The way to push past the terror is to recognize that all of your parts are you. Whether your host personality is “out” or not, you are always going to behave consistently with who you are. That is not to say that you won’t do anything that might upset the host personality because each alter part is experiencing one view of yourself in a “pure” version – pure anger, pure terror, etc. Each of these parts needs healing, and in order for healing to happen, they need to come out. The sooner you embrace each part as “you,” the sooner you can stop losing time and keep your host personality present when these other parts come out. Once you no longer have a need for the host personality, the part will integrate back into your core, you will stop losing time, and you will technically stop having a diagnosis of DID since you no longer meet that criterion in the diagnosis.

I have heard people lament losing time during therapy sessions, and I always tell them that they got their money’s worth out of the session whether they remember it or not. By enabling another part to come out, that part of yourself is receiving the therapy it needs. Those parts are typically much more wounded than the host personality is, so you can experience immense healing even after “losing” an entire therapy session from the perspective of the host.

My therapist’s advice was to stop fighting these others parts of myself. Instead, invite them out and start a “dialogue” with them. The more communication you have going among your parts, the closer you are to ceasing losing time forever!

Photo credit: Lynda Bernhardt

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I have shared before that I work as an online college instructor. In my class, we talk about the importance of teamwork and collaboration. As I was reading through my students’ discussions, I go to thinking about the benefits of teamwork and collaboration in healing from child abuse. So much of what my students were talking about applies to healing together as well.

I found an enormous amount of support through Isurvive, a message board for survivors of child abuse, when I was in the early stages of healing from child abuse. I logged on several times a day during my early years of healing. Even now, after seven years of healing from child abuse, I gain so much knowledge and guidance from reading the comments that my readers post. Sometimes my readers see something that is so obvious to them about me but that I miss because I am too “close” to the situation.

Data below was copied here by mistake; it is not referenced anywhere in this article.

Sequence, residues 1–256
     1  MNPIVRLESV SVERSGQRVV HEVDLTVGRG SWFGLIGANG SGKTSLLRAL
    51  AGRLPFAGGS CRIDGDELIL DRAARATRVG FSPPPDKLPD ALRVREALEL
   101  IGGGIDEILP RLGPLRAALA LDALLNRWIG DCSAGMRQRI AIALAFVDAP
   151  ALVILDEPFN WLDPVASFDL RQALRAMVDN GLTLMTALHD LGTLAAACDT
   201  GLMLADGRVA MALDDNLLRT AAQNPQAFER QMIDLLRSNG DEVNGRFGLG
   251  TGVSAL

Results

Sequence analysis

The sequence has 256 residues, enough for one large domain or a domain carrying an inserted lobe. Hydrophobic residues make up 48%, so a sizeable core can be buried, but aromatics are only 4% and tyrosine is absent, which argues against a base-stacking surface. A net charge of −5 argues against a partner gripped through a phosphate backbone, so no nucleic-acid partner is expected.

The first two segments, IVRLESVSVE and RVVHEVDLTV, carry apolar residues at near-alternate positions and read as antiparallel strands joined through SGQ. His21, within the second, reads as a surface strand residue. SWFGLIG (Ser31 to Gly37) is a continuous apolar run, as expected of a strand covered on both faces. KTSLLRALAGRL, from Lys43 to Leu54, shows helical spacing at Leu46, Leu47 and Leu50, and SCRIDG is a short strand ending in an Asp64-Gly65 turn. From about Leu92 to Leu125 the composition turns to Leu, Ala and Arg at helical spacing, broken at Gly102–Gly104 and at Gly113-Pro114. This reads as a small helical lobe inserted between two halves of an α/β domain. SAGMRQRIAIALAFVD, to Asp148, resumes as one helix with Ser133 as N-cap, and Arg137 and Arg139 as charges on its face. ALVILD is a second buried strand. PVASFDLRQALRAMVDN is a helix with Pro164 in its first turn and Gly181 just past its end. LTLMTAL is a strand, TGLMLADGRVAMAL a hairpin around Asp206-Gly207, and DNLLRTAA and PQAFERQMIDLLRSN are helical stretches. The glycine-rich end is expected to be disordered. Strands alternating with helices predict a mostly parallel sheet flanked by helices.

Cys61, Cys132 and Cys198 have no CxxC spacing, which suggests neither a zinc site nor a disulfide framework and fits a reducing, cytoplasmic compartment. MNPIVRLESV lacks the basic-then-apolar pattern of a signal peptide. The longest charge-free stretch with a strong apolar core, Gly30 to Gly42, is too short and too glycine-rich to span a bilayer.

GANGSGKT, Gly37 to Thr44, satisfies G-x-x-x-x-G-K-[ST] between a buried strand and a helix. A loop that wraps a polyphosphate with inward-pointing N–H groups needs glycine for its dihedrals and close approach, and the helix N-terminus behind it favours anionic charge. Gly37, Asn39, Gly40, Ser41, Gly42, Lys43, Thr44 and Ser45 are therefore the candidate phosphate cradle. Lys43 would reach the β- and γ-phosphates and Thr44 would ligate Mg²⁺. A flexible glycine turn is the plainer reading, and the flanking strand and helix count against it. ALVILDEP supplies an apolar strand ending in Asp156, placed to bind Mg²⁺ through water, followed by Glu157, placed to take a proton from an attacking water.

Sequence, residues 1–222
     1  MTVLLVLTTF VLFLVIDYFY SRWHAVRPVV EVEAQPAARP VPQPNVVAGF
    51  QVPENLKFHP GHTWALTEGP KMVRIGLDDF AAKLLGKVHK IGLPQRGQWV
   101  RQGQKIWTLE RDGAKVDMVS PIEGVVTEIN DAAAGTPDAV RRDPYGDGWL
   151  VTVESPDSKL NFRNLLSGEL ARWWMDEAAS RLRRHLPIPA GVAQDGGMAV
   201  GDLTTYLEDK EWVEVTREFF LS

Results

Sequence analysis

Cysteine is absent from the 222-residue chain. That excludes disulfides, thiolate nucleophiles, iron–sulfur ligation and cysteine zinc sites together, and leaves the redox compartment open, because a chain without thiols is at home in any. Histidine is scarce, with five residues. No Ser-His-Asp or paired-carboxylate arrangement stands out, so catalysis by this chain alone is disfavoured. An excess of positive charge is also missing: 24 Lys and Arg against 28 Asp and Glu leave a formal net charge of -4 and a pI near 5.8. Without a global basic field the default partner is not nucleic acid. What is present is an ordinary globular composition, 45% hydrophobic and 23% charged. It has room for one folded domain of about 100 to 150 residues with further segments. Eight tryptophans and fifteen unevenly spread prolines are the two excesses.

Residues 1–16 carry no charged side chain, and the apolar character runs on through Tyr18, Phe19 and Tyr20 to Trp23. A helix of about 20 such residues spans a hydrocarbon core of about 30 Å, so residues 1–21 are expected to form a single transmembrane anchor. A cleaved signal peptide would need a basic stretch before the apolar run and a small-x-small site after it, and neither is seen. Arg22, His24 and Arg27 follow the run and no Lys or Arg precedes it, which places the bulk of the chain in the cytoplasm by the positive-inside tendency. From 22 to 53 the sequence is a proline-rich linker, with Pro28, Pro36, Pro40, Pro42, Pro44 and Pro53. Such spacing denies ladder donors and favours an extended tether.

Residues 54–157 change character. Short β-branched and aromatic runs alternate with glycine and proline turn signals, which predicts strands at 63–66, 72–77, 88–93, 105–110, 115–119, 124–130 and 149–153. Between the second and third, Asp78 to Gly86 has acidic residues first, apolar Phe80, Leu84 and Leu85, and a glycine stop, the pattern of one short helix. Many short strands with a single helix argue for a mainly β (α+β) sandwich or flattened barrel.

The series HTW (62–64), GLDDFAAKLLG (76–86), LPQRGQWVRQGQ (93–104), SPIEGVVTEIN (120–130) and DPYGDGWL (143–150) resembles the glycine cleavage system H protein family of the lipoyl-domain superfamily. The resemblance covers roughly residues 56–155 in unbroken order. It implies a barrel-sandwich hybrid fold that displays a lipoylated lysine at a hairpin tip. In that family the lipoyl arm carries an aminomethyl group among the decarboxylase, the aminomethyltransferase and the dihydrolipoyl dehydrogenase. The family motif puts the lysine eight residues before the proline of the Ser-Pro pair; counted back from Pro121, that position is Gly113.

Finding a support network is so important to healing from child abuse. Of course, your support network should include a qualified therapist with experience in counseling people who have suffered from child abuse. A therapist is not enough, though. I found that I experienced so much healing and support through my relationships with offline friends as well as friends that I met online. You can do this through visiting Isurvive, by reading and posting comments on blogs such a mine, and in other ways that bring you into contact with fellow survivors of child abuse.

When I was in the early stages of healing, I needed to interact with people who were farther along their healing journey because I needed the hope that healing was even possible. I also needed “peers” who were in similar places so I could talk with someone who really understood in this moment what I was going through. Finally, I needed to interact with people who were newer to the child abuse healing process so that I could “pay forward” the support I had received as well as recognize how far I had come. I really needed the interactions with all three groups to make the healing process survivable for me.

Finally, I needed people who embraced me as one of them. For most of my life, I felt like a misfit who had no place. Through an online child abuse survivor community, I found a place where I belonged. I was not “crazy” – I was actually surrounded by people who “got” me! I cannot express strongly enough how crucial the camaraderie of fellow child abuse survivors was along my own healing journey.

Photo credit: Lynda Bernhardt